Walmart's main strategy was to challenge the idea that "women who worked for Walmart" could be a certified class in the class action. Their laughable contention: each of their stores is an independent business. Women who felt they experienced discrimination at Walmart should sue the individual store -- as if the world's largest retailer doesn't have consistent chainwide policies, training manuals, or manager education.
Given Walmart's more than two million employees, the case is likely the largest sex-discrimination suit in history. Another argument the company made in opposing class certification was that the suit was too large to defend. That ought to be a red flag that this needs a quick resolution, now that it's prepping for trial.
For its part, Walmart celebrated part of the court's ruling that may limit the number of women who can participate in the suit, and reaffirmed its stance that it "fosters female leadership."
Walmart may soon be in a courtroom trying to prove it plays fairly with women workers. Now that the Ninth Circuit Court of Appeals has cleared the suit for trial, Walmart is exposed to potentially billions in claims for back pay and penalties if a court finds merit in the women workers' claims that they were paid less and promoted less often. Worse, the trial would likely stretch on for months, resulting in a steady parade of negative publicity for Walmart.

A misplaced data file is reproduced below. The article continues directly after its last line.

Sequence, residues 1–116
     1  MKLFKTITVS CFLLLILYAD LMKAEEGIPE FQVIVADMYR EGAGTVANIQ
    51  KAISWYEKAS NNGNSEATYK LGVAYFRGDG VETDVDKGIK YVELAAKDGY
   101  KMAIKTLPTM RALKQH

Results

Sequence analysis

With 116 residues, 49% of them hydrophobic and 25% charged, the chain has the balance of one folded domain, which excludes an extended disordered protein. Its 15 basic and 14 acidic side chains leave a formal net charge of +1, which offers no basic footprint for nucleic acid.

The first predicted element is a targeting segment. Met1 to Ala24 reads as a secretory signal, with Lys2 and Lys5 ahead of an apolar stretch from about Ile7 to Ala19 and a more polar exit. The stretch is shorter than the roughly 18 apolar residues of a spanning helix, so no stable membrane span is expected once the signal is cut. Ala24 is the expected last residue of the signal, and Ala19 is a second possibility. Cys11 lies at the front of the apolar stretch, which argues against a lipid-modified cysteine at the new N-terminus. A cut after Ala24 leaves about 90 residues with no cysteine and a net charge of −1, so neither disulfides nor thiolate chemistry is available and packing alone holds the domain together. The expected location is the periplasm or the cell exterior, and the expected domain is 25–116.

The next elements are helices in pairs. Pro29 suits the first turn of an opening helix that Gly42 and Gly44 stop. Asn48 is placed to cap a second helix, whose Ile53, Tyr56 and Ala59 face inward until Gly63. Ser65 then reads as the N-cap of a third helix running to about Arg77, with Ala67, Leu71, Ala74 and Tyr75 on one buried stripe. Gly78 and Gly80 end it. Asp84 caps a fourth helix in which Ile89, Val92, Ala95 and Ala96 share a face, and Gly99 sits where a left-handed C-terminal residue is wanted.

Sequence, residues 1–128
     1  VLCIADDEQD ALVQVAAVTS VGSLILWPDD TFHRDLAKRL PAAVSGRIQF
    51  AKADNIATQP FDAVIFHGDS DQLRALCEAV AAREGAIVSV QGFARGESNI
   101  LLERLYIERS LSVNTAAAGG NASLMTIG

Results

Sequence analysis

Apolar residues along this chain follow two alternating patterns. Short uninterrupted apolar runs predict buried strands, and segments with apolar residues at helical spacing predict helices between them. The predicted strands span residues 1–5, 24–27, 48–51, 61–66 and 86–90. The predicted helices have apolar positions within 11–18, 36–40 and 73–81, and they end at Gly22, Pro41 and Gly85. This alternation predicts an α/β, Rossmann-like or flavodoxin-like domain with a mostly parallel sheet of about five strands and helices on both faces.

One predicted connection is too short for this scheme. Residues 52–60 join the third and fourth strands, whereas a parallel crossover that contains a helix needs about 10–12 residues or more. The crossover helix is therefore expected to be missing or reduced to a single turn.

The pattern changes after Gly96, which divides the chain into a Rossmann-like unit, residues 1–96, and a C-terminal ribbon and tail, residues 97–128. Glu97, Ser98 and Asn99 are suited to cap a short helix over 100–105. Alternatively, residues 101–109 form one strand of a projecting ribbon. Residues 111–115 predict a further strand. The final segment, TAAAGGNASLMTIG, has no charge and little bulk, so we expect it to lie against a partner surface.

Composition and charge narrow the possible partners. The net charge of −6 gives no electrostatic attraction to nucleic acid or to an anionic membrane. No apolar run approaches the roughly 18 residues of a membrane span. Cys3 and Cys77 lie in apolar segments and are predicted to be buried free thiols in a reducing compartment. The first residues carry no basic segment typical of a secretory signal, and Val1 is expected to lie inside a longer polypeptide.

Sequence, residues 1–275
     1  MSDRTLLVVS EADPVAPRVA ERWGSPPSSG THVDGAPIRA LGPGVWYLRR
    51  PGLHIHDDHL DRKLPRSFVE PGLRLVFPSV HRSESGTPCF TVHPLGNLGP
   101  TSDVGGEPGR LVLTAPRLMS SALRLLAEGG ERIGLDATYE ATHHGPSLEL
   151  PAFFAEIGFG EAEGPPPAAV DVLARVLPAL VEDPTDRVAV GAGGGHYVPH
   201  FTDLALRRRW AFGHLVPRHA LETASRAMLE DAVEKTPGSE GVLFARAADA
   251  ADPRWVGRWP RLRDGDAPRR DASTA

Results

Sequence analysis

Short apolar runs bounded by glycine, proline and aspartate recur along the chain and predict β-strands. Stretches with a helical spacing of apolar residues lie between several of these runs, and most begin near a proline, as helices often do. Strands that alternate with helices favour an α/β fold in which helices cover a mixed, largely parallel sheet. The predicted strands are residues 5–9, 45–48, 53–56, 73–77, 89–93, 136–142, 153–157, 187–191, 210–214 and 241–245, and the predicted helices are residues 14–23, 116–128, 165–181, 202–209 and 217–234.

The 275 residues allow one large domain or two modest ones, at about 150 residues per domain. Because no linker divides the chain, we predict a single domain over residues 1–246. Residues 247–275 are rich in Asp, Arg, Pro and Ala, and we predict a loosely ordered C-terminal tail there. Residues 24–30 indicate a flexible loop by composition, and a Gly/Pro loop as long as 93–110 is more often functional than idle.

Given the negative public opinion that's out there regarding Walmart -- some towns actively fight to keep the retailer from opening nearby -- that's the last thing the company needs, at a time when its sales are basically flat. Walmart settled a smaller discrimination suit just before it hit trial last month for a paltry $12 million. It needs to take the same approach with this whopper.
Photo via Flickr user bsabarnowl